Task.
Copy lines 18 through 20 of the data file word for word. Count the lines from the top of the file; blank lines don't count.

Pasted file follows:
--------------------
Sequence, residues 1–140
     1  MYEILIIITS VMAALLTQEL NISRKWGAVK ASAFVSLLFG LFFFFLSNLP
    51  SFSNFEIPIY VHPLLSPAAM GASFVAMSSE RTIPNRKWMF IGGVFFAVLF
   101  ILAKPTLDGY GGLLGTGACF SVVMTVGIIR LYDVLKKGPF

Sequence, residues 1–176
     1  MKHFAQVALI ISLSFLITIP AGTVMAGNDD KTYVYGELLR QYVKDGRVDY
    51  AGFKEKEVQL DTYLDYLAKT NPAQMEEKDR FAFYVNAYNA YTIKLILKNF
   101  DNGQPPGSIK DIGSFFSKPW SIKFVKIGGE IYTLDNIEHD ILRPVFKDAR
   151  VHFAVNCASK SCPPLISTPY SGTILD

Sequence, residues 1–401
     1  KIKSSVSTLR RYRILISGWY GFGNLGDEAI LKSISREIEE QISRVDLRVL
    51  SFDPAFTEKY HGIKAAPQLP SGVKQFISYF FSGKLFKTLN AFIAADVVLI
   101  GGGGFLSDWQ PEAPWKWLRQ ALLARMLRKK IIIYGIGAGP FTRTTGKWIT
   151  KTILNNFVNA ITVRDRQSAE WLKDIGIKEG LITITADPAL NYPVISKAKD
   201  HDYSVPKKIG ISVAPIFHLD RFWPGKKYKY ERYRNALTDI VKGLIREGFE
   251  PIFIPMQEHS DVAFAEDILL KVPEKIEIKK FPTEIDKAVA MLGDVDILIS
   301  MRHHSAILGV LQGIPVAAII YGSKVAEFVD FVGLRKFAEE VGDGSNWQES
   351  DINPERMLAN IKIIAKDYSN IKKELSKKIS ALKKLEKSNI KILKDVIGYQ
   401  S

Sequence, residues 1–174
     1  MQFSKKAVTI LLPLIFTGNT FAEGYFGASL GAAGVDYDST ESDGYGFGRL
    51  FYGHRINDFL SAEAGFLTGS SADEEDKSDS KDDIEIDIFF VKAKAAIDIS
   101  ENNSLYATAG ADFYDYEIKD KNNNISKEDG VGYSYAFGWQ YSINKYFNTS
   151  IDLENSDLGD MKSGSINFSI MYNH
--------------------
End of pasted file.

   351  DINPERMLAN IKIIAKDYSN IKKELSKKIS ALKKLEKSNI KILKDVIGYQ
   401  S

Sequence, residues 1–174